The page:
Thursday, July 20, 2006

Ripper tours

In response to my previous post, my Clarion 2004 student Trent Hergenrader writes:
Have you done a Jack the Ripper walking tour in London? A must-do event on the chance that you haven't.

I have, once, and I much enjoyed it. I tagged along one summer day when Judith Clute led Sydney's class on a walking tour of Whitechapel.

Sydney was teaching "Madness, Monsters and Murder," a class on the British Gothic, in the Alabama at Oxford program at Wadham College in summer 2004, so Judith emphasized not only sites associated with the historical murders but sites featured prominently in Alan Moore and Eddie Campbell's graphic novel From Hell, which was on Sydney's syllabus.

The most notable of the latter was Nicholas Hawksmoor's Christ Church Spitalfields, a place of occult power in both From Hell and two books that greatly influenced it, Iain Sinclair's Lud Heat and Peter Ackroyd's Hawksmoor. The folks who keep the church going put on their website the least sinister photo of the place I've ever seen, and valiantly remind us through their good works that Christ Church is, after all, a church, albeit one of more architectural interest than most. But in truth, the thing does loom over its surroundings with a sort of geometric Wrongness, and it casts quite a shadow. (Catherine Wright offers a good short appraisal of Hawskmoor that takes the recent occult interest into account.)

An exceedingly interesting thing Judith did was start the tour at its most redeveloped, least Victorian spot -- an unrecognizably paved-over murder site, a few paces from the Whitechapel tube station and street market -- and lead us into progressively more "preserved" areas (which meant, of course, increasingly narrow streets, claustrophobic courts, etc.), so that in effect she led us from 2004 into 1888, and left us there. I admired that deeply.

Trent, I presume you've taken a Ripper tour yourself; tell us about it. I would love, when I'm next in London, to take the tour led by Donald Rumbelow, author of The Complete Jack the Ripper. That came out when I was 11, and was one of the books I checked repeatedly out of the Lexington County Public Library in Batesburg, S.C. My parents never objected, God bless them. (Rumbelow updated his book in 1990 as Jack the Ripper: The Complete Case Book, but I treasure my copy, acquired in adulthood, of the original.)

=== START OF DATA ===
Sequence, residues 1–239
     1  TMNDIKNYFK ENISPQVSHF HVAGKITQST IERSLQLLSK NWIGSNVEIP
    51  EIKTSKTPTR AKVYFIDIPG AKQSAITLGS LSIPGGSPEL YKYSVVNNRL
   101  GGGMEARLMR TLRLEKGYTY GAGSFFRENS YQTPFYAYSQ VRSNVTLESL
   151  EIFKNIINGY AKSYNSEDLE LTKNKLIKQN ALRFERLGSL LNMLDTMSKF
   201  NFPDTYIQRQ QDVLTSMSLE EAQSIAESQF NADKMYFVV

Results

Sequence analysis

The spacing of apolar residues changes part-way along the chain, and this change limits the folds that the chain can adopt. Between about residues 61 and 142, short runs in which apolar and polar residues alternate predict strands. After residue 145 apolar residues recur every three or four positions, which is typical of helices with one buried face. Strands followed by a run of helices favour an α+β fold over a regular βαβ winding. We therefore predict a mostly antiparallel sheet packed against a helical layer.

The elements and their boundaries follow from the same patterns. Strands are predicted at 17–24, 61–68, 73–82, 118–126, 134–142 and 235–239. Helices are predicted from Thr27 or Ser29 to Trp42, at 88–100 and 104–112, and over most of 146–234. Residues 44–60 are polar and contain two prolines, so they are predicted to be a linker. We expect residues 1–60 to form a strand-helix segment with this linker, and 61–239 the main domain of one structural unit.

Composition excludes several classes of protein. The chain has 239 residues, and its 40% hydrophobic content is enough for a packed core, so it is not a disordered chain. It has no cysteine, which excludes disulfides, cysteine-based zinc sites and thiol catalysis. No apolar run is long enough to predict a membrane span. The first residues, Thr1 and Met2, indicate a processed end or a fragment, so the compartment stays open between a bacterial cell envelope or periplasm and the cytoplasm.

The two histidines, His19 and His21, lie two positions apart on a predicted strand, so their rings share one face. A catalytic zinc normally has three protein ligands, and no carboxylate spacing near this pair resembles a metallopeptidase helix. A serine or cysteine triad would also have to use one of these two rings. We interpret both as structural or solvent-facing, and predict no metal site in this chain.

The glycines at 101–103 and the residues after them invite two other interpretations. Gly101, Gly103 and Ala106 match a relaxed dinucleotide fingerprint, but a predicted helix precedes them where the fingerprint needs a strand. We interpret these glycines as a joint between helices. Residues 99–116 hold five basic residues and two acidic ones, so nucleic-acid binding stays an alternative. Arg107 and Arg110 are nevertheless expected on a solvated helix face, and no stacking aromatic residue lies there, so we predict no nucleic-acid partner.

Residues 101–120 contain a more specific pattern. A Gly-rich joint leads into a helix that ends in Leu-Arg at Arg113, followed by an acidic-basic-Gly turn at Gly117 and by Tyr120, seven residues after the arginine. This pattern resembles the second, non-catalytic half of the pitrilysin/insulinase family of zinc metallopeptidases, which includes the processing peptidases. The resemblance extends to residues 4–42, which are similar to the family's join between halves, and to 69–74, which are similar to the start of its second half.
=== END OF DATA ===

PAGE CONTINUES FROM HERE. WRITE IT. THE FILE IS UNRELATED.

2 comments:

Charles Schoenfeld said...

Becky and I took Donald Rumbelow's tour on our honeymoon. It was shortly after Patricia Cornwell released her book claiming to have solved the case, and Rumbelow made short work of the book when one of our tour group asked about it.

He was entertaining as well as informative. Here is an excerpt from Becky's recap, which she wrote at the time:

“As we get deeper into the East End,” he explained, “you may see some strange things. In my years of conducting this tour, my tour groups have seen the murders being dramatically reenacted in apartment windows. Once, a naked man appeared at a window, much to his embarrassment and our amusement. And often, the group is approached by what can only be described as very friendly drunks, who don’t think I’m telling the story properly and want to tell you their own version.

“If something does happen, it will most likely happen behind me, since I will be standing here at the head of the group, facing all of you. So, if something is about to happen, I would very much appreciate it if you would warn me.”

At one point, as we were all gathered on a street corner, a taxi pulled up at a red light behind Rumbelow. The cab driver held up a sign that said “He’s a liar.”

Rumbelow turned around just in time to see the sign before the light turned green and the cabbie drove off.

“That’s all right,” Rumbelow said. “After eight o’clock, he’s a robber.”

Trent said...

Hey Charles! You're not Trent!

Amy and I did the Rumbelow tour as well, in late October of 1996 when she was studying in London for the semester. 'Twas a bit chilly, damp, and suitably misty, and night fell early that time of year.

As Charles says, and you could probably guess, Rumbelow is quite the showman. I believe he said almost the exact same thing to begin our tour--which I never would have been able to dig up from my own memory but recognized it instantly. My favorite bit of the tour was after we'd been walking and chatting awhile, he stopped under a streetlight, asked a young lady for her hand. He raised it above her head and said, "This lovely woman is standing in the exact spot where Jack the Ripper's first victim was found." I can still remember the group's collective shudder.

We bought his book at the end of the tour (who didn't?--brilliant marketing) and years later Amy lent the book to her brother, who has yet to return it. It's still a cause for consternation to this day.